This project supports the training of nine students annually at Brandeis University in the field of genetics, who will be appointed in the second year of their Ph. D. training. This grant has played a central role in the education of a highly productive group of interactive graduate students actively involved in genetics research in problems relating to molecular, cell, and developmental biology and neuroscience, with relevance to the mechanisms and treatment of human disease. The Training Grant Faculty are drawn from highly collaborative and interdisciplinary researchers in the Departments of Biology and Biochemistry. Students work in well-funded and productive laboratories that are supported by recently upgraded core facilities in DNA and protein analysis, proteomics, genomics, microscopy and mouse and viral transgenics. The proposed program emphasizes rigorous training to develop research and other professional skills including scientific literacy, writing and oral communication and quantitative approaches. The Ph. D. program has a core curriculum of molecular biology, cell biology and ethics and advanced genetics courses, which includes molecular genetics, neurogenetics, population genetics and genomics, epigenetics and human genetics. These core courses are supplemented by elective courses in biochemistry, structural biology, developmental biology, mathematical modeling or neuroscience and courses concerning human diseases such as cancer, infectious disease, neurological and development disorders. Trainees are appointed based on the strength of their academic records and research potential and are supported for two to three years. Progress of the students is closed monitored by a committee of Training Grant Faculty selected for each student. Qualifying examinations at the end of the first and second years provide a means to evaluate each student's ability to frame questions and propose research solutions in their emerging area of expertise and in an outside field. The training of students is supplemented by seminars and journal clubs, featuring a wide variety of successful investigators in diverse areas of biological research. A number of professional development activities feature valuable personal discussions that assist each student's career planning. Special opportunities for Trainees include enhanced personal interactions with speakers and participation in an annual Genetics Symposium. In addition, Trainees work with Training faculty in the planning and implementation of these activities. The program is assessed yearly through online surveys and personal discussions with Trainees. This, and the small size and interconnectedness of students and faculty, provides training responsive to the needs of each student in a first-class research setting.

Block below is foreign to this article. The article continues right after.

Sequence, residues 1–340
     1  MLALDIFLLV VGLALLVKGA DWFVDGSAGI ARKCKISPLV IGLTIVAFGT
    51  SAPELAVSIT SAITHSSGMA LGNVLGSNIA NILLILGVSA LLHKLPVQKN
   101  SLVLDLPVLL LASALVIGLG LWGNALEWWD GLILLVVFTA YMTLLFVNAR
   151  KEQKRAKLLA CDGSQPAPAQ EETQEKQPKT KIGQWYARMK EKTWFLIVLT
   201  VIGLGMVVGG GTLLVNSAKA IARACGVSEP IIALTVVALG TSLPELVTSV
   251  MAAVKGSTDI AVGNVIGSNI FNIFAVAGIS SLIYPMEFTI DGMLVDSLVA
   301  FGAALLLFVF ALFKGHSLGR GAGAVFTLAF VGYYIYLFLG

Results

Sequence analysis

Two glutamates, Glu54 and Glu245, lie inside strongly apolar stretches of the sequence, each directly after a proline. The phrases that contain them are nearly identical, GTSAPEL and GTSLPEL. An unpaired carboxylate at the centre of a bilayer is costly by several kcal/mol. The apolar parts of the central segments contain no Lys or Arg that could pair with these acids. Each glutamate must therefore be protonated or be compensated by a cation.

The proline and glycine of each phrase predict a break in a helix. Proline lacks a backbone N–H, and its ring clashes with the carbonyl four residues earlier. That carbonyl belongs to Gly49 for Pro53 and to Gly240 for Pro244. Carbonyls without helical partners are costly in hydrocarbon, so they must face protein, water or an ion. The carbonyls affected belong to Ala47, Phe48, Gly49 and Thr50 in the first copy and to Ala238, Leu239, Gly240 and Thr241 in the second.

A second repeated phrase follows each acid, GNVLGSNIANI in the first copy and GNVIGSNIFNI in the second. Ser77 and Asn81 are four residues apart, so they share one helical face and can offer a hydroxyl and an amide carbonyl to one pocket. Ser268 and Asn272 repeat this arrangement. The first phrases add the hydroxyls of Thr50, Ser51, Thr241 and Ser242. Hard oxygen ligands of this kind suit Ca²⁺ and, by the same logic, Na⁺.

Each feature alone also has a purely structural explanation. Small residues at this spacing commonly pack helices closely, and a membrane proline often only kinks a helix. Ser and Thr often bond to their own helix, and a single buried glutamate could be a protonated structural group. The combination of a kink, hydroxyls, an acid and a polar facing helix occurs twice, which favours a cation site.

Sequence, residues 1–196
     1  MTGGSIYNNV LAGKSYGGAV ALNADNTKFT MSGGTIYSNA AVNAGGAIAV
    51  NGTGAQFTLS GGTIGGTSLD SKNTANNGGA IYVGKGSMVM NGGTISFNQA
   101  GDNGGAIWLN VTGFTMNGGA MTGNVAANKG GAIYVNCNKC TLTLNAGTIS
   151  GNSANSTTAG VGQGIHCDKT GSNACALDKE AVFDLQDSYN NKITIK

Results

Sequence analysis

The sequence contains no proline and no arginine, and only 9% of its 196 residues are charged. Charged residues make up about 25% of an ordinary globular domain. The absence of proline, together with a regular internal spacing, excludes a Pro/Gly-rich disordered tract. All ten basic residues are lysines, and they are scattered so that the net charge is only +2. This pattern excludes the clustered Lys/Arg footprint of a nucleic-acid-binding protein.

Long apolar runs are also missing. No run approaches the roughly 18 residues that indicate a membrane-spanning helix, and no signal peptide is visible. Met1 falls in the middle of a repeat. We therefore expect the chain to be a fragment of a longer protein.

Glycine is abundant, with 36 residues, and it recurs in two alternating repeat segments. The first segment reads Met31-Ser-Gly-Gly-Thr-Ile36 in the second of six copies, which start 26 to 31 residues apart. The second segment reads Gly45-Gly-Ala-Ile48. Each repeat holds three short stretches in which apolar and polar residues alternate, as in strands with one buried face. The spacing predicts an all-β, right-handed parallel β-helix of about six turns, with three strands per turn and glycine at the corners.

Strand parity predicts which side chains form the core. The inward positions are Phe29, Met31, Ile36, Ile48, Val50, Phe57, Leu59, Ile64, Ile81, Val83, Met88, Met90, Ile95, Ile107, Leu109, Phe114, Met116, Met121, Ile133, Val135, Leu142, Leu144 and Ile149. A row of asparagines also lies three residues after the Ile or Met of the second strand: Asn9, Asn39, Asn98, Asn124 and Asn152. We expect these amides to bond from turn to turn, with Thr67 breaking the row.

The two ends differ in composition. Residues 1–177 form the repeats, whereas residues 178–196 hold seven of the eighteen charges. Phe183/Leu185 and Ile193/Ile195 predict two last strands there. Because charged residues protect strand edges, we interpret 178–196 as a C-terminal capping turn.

Public Health Relevance

This project trains nine Ph. D. students yearly in the field of genetics at Brandeis University. Along with intensive coursework and research training, students work on basic mechanisms of disease and its treatment, including neurodegeneration, developmental disorders, heart disease, cancer and infectious disease. This training features the development of skills necessary for students to become productive and independent contributors in the fields of scientific and medical research.

National Institute of Health (NIH)
National Institute of General Medical Sciences (NIGMS)
Institutional National Research Service Award (T32)
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National Institute of General Medical Sciences Initial Review Group (BRT)
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Carter, Anthony D
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Brandeis University
Schools of Arts and Sciences
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